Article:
RE. Why duplicate efforts? (Because it ain't duplication.)

Subject: RE. Why duplicate efforts? (Because it ain't duplication.)
From: "Hart, Geoff" <Geoff-H -at- MTL -dot- FERIC -dot- CA>
To: "Techwr-L (E-mail)" <TECHWR-L -at- lists -dot- raycomm -dot- com>
Date: Fri, 9 Jun 2000 15:06:19 -0400

Paul Hanson asks for opinions on: <<If a programmer has to write up a spec
with the information that is used to create help text, why not have the
programmer create the help text? Why have a duplication of effort, since the
help text is
information from the specs? If a .hlp file is to be created, why can't the
Technical Writer just edit out the program changes, like changing calls
from File A to File B (assuming the change has no impact on the user), and
have a .hlp file?">>

Am I correct in assuming that you, like the rest of us, work in a place
where the spec approaches reality about as closely as science fiction
approaches science? That is, it bears a nodding resemblance to reality, but
there are some liberties taken with the facts to make for a good story*. If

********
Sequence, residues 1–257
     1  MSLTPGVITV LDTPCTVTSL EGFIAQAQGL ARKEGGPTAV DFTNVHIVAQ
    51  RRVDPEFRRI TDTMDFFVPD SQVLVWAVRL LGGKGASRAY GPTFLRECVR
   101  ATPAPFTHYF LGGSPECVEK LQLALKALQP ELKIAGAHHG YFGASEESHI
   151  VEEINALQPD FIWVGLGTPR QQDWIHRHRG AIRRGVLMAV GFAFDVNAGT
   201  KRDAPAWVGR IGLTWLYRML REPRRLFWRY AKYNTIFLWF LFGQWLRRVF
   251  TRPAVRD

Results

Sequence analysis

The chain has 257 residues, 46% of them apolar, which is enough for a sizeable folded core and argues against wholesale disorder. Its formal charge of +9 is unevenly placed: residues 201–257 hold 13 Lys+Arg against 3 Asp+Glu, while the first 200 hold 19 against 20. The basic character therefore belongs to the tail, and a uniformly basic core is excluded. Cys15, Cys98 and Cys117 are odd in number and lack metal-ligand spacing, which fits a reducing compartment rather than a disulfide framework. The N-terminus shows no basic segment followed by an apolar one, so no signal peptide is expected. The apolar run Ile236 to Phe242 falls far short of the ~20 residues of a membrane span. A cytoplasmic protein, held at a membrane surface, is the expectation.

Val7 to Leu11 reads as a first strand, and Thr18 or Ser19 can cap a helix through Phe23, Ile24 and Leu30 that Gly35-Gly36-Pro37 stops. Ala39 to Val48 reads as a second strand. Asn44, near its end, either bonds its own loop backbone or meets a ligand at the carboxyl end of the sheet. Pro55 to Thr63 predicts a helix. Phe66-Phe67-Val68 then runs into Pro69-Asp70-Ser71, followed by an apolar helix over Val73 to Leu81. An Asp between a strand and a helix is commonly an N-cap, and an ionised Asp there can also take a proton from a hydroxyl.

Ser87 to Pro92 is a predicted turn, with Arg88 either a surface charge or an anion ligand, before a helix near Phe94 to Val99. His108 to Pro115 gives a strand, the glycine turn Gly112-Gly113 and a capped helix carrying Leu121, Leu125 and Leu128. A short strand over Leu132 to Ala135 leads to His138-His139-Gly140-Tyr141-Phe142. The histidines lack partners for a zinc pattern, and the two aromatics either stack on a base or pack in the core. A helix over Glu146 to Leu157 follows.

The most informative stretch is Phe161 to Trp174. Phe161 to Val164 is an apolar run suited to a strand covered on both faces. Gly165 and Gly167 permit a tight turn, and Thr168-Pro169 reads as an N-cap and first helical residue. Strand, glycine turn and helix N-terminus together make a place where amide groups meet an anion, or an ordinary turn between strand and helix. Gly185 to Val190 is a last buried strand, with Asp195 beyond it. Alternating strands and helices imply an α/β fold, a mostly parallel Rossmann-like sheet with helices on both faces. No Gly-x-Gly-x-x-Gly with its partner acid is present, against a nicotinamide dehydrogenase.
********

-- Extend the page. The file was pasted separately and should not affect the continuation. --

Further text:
not, it's dimly possible that this statement is correct: maybe you do work
at the Shangri-la where people actually create a useful, user-centered spec
and build the program code around it. If that's the case, you're out of a
job. <g>

* No flames, please. I read SF and write it myself. I'm just arguing by
simile, OK?

Were it me, I'd do what I've actually done once (in a different
context--"why do we need editors?"): stand up at the meeting with a
dictionary in hand and point out that this recommendation is like handing a
publisher a dictionary and wondering why you need the author at all. "All
the words are in the dictionary, so why bother getting the author to do
anything more than edit out the words that aren't actually being used in the
current bestseller." When the laughter dies down (or when they subside into
a sullen silence and start sharpening their knives), you can point out that
a well-written spec usually says what the _program_ does, whereas the help
file must say what the _user_ does. Although the former dictates the latter
to some extent, they're not one and the same thing. You might also want to
mention my sig line (see below) if you really like living dangerously.

--Geoff Hart, FERIC, Pointe-Claire, Quebec
geoff-h -at- mtl -dot- feric -dot- ca

"Technical writing... requires understanding the audience, understanding
what activities the user wants to accomplish, and translating the often
idiosyncratic and unplanned design into something that appears to make
sense."--Donald Norman, The Invisible Computer




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